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Jerry-Rig
Woodcarving Tools, Technology & Sharpening

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  #1  
Old 06-23-2005, 01:30 AM
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Default Finishing a knife handle

There are few things as frustrating as applying a high-gloss finish to a walnut knife handle. Walnut is porous and spray finish does not want to fill in the pores.

So to obtain a perfect finish, you must apply the finish, allow to dry 24 hours, sand, and refinish. Each time fewer and fewer pores are visible; after about six coats, most are filled in.

So one last sanding, clean the handle to perfection, clean the nozzle on the spray can, check the spray pattern, apply the finish evenly and carefully, then out of nowhere comes a single piece of lint.

Back to square one; wait 24 hours and try again.
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  #2  
Old 06-23-2005, 08:14 AM
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Default Re: Finishing a knife handle

Rick your way too hard on yourself I am sure that one piece of lint taken off and a little finish applied wouldnt even show. But then its you Rick and as I have said before your attention to detail is what makes you who you are. When you get my tools you will see a huge carving knife in them and you will see the handle on it is not finished at all and it feels funny in my hand. Maybe thats why I like your knifes best because they are finished superbly and feel so good. Hope that the next coat goes on well for you maybe you will have to sit there until it dries
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  #3  
Old 06-23-2005, 09:37 AM
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Post Re: Finishing a knife handle

Hi Rick

On Tuesday night, I finished four red oak tool handles--a skew chisel, a gouge, and two straight chisels--with clear, satin Minwax Poly-Wipe On--a wipe on polyurethane finish. It comes in satin and gloss--pint and quart. It can be used on furniture, interior doors, trim and other woodwork, hand rails, banisters, etc. The cost was $7.99/pt. at the local hardware store--probably cheaper at the home improvement stores.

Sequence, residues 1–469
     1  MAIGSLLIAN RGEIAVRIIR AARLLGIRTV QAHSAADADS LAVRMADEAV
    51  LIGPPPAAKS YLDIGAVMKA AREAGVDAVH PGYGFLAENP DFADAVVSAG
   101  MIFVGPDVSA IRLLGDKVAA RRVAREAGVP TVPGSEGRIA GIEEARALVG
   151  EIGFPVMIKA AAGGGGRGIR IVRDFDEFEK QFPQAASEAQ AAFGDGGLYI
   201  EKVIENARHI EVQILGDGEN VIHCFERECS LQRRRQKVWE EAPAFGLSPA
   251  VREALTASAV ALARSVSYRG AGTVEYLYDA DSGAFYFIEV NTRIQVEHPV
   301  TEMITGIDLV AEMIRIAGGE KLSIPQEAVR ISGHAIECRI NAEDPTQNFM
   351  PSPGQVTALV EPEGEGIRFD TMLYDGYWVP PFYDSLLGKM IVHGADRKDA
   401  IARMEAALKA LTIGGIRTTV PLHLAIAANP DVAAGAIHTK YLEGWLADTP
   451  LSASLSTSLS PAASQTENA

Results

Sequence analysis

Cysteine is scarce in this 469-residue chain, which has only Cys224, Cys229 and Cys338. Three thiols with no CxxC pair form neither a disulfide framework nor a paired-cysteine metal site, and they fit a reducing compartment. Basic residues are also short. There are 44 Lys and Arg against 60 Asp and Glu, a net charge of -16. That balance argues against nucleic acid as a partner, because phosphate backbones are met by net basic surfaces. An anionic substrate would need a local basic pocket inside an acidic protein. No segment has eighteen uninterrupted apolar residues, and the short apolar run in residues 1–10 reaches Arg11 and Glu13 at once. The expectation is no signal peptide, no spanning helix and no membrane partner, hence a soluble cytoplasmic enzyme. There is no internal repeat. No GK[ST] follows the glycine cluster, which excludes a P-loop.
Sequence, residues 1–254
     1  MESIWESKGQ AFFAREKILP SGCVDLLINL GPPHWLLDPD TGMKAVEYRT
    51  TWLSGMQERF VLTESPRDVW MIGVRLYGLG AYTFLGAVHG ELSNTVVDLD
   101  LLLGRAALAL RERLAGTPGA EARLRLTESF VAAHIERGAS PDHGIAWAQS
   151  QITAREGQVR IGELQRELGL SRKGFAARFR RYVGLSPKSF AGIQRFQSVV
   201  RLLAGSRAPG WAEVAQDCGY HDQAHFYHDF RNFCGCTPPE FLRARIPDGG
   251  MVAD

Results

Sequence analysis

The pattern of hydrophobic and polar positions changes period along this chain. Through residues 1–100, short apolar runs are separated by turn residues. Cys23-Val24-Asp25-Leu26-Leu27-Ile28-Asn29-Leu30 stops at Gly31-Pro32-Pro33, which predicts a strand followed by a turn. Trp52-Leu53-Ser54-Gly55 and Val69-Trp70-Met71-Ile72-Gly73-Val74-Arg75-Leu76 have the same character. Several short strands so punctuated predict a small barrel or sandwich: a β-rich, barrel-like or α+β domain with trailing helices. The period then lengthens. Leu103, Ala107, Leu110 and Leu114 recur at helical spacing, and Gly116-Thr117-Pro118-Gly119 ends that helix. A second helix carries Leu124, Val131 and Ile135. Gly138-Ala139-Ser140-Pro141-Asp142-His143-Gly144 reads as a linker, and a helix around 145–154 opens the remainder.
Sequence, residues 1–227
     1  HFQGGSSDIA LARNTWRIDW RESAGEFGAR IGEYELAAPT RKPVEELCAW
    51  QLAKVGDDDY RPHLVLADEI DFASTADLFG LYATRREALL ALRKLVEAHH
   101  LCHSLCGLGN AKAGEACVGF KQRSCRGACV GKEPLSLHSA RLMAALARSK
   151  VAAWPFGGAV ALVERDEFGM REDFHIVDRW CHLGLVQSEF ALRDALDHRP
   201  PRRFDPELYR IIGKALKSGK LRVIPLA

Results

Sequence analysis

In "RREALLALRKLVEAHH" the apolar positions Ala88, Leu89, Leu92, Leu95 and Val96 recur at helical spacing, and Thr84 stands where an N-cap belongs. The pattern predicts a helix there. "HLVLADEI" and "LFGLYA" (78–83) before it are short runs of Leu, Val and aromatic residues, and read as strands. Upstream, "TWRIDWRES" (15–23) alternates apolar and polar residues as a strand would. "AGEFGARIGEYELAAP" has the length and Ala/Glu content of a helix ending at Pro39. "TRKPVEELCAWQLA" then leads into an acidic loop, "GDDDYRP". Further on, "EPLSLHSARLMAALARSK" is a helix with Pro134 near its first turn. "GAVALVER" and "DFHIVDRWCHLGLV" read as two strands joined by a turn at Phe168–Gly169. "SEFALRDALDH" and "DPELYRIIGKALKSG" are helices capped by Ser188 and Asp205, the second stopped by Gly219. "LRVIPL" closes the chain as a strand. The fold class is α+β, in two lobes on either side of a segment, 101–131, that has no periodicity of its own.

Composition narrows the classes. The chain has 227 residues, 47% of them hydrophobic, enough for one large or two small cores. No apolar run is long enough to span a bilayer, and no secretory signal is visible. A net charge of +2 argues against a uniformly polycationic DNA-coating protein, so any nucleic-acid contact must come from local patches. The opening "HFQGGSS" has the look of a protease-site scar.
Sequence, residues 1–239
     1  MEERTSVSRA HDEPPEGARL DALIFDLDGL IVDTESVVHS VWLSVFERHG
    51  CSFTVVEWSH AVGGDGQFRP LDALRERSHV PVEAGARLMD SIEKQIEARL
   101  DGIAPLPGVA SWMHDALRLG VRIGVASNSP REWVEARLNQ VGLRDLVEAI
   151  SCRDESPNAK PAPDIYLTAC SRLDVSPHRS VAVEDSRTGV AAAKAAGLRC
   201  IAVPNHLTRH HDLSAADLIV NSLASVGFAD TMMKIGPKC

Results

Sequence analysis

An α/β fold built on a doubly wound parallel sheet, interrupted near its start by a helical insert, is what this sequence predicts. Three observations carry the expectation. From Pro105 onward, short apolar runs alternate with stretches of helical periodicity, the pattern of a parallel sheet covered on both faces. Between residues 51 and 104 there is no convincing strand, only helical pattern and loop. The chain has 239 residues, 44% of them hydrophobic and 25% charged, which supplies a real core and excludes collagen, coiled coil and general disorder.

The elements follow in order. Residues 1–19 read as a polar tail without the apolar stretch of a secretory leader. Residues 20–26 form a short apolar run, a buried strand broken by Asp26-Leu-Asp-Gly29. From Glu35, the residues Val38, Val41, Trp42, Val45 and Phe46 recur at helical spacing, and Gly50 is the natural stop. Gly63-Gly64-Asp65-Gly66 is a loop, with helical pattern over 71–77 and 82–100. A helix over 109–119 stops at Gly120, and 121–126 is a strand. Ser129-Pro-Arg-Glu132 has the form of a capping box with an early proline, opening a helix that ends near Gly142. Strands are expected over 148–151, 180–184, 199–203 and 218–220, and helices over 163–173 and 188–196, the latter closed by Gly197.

According to the instructions, using a clean, dry, lint free cloth, you wipe on one coat, and wait 3-4 hours--depending on air temperature, humidity, etc. Sand with 220 grit sandpaper and repeat the process for a second coat. If desired, a third coat can be added. Wait 24 hours for curing. I coated the handles outside on a relatively humid night, and it was dry to touch within a few hours. The odor was minimal--no stronger than the average enamel paint and there was no residual odors on the handles either. The Poly-Wipe went on smooth--no brush marks, nor cloth marks.

For drying, I suspended the tools from a wire coat hanger by clamping a carpenter's spring clip over the business end of the tool with the hanger wire in between the clips arms, and handles hanging down. I hung the coat hanger on a nail in a roof joist in the shed. I had the four tools evenly spaced on the hanger with plenty of room in between each for air circulation.

I wanted to wait 24 hours to allow the handles to be good and dry before sanding, and applying the second and possibly third coat. I haven't done anything since Tuesday because it was raining last night. But looking at the tool handles, you wouldn't think recoating would be necessary.

The handles are slightly darker--more enhancement of the wood color than anything. There is a a slight gloss finish, and I think it will even help the grip on the tool handle. So far, I'm happy with the results, and it was a lot easier than working with brushes, sprays, etc. Clean up was hanging the cloth and a pair of latex gloves up to dry.

I'll post a picture later when I get home from work.

Bob

Last edited by Just Carving; 06-23-2005 at 12:57 PM.
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  #4  
Old 06-23-2005, 11:01 AM
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Default Re: Finishing a knife handle

Colin,
The lint unfortunately landed in the worst possible location.
I did quickly remove it and tried recoating the area (hoping it would self-level)
Not a chance, it looked better, but not good enough.
So, I sanded and recoated the handle this morning and so-far-so-good.
72 hours and the finish will be fully cured and ready to use.

Bob,